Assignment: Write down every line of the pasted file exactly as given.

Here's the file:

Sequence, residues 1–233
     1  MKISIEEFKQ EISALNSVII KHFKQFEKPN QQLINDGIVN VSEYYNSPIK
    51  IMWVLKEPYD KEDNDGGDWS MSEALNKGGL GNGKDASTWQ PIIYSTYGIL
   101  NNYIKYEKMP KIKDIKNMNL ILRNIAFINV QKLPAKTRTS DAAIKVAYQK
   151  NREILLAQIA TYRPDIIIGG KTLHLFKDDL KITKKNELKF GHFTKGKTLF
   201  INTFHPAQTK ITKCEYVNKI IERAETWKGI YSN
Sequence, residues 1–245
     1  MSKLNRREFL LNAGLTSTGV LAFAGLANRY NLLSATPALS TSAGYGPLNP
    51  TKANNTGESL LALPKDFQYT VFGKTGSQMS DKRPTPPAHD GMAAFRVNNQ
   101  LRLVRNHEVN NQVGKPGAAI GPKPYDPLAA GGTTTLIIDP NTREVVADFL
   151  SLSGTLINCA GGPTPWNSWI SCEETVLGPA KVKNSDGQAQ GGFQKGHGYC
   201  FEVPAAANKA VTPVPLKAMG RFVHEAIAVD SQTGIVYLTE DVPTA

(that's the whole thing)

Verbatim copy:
Sequence, residues 1–233
     1  MKISIEEFKQ EISALNSVII KHFKQFEKPN QQLINDGIVN VSEYYNSPIK
    51  IMWVLKEPYD KEDNDGGDWS MSEALNKGGL GNGKDASTWQ PIIYSTYGIL
   101  NNYIKYEKMP KIKDIKNMNL ILRNIAFINV QKLPAKTRTS DAAIKVAYQK
   151  NREILLAQIA TYRPDIIIGG KTLHLFKDDL KITKKNELKF GHFTKGKTLF
   201  INTFHPAQTK ITKCEYVNKI IERAETWKGI YSN
Sequence, residues 1–245
     1  MSKLNRREFL LNAGLTSTGV LAFAGLANRY NLLSATPALS TSAGYGPLNP
    51  TKANNTGESL LALPKDFQYT VFGKTGSQMS DKRPTPPAHD GMAAFRVNNQ
   101  LRLVRNHEVN NQVGKPGAAI GPKPYDPLAA GGTTTLIIDP NTREVVADFL
   151  SLSGTLINCA GGPTPWNSWI SCEETVLGPA KVKNSDGQAQ GGFQKGHGYC
   201  FEVPAAANKA VTPVPLKAMG RFVHEAIAVD SQTGIVYLTE DVPTA